We all know that payroll compliance can be a nightmare. Automated systems don’t necessarily fit individual situations, employee work patterns don’t always fit the mould, and this is overlaid with a very technical area of the law. And to make matters worse; maths!
The Sunday Star Times led with a front page article "Bayleys agent Tonya Spicer was sacked after police 'leaked' unlawful information to her employer”. The headline article continues with surprise that Ms Spicer, having been found not guilty of supplying methamphetamine could then be sacked by her employer.
Most employers won’t relish the idea of having to fire someone. However, sometimes an employee’s actions (or inactions) may be so serious that the decision to terminate the employee’s employment might not appear to be a difficult one.
Transferring public holidays is always a fun aspect of the holiday payroll, and 2016 is no exception.
Different types of employment require different employment agreements. Unfortunately, the types are sometimes misunderstood and the wrong type of employment agreement used – this can lead to all sorts of trouble down the track! This article gives you a quick overview to set the record straight.
What is a warning in the employment law context and how do you issue an employee with a warning that will stick? It is not as straightforward as you may think.
Obviously, we all hope that we never have to deal with an incident in the workplace. But equally, we know that accidents do happen. With the new Health and Safety at Work Act 2015, the rules around notifications have changed. So what do you have to notify? When? How?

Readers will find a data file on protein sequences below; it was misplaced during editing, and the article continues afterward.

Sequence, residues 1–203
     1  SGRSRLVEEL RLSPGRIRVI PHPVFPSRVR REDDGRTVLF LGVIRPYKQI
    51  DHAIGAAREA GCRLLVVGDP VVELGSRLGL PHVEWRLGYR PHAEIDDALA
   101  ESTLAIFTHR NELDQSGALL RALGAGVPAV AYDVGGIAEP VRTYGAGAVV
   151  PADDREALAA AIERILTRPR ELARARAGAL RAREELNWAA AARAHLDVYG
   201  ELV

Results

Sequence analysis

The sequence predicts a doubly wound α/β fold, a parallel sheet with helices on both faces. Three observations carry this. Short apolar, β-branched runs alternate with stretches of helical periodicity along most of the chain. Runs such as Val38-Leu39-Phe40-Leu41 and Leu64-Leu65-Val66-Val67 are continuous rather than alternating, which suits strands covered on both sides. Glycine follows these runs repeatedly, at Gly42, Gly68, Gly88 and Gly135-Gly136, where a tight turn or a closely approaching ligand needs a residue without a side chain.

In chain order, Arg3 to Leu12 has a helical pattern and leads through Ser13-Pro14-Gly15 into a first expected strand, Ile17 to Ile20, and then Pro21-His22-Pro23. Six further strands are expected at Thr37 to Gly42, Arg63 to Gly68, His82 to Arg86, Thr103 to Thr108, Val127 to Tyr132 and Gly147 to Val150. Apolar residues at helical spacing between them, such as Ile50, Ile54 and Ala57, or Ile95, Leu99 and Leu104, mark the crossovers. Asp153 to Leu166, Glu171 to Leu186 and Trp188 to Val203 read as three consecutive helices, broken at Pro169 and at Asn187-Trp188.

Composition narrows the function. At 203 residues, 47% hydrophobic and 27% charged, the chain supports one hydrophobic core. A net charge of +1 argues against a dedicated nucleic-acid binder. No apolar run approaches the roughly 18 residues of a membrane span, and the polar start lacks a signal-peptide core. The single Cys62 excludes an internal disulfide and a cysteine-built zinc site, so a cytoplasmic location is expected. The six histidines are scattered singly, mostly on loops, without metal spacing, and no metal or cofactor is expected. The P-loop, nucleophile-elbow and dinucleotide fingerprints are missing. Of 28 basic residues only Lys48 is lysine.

The recent article in the New Zealand Herald about a job applicant who was apparently denied the chance of a job interview due to her wearing a hijab provoked a feeling of déjà vu. It is disappointing that yet again, this issue has arisen. Surely, surely, employers know by now that discrimination on the basis of religious beliefs or ethnic or national origins is, in almost all circumstances, unlawful, and simply unacceptable?
A Person Conducting a Business or Undertaking (PCBU) is essentially any entity doing business of any sort in New Zealand. PCBU's are required to ensure, so far as reasonably practicable, the health and safety of workers employed, engaged, influenced, or directed by the PCBU, and the safety of any other person who may be put at risk by work done by the PCBUs. Part of that is to get workers involved in the process of risk identification and control (workers include: employees, volunteers and contractors).
Is compliance that difficult? For the most part, ‘No’. Yes there are complexities around the application of the Holidays Act 2003, particularly public holidays. It does seem a bit daft to have four or five different methods for the calculation of pay under the Act, two or three if you count the formulae for annual holidays, and two for public holidays, sick leave and bereavement leave.
It can be really frustrating for an employer when an employee just ups and leaves without giving the contractual notice period. Many employment agreements contain a provision to the effect that if an employee fails to give the correct period of notice, the employer can deduct a sum equivalent to the salary for the unworked period from the employee’s final pay.
Why are they coming? Is there some new law?
If we look hard enough the answer is probably ‘yes’, there is some newish law. A small amendment among a number of other ‘tweaks’ to the Employment Relations Act 2000 came into force 1 April 2011. It set out the "Functions of Labour Inspector".
This is the first of three newsletters focused on payroll compliance.
Last night, Parliament passed amendments to a number of key pieces of employment legislation. These will come into force on 1 April 2016. In summary, these amendments aim to implement a single broad policy that (according to the Government) aims to promote “fairness and improve productivity in workplaces by enhancing protections and benefits for both employers and employees” and prohibit practices that lack sufficient mutuality.
The Employment Standards Legislation Bill (Bill), recently introduced to Parliament by the Government, proposes a raft of changes across employment legislation.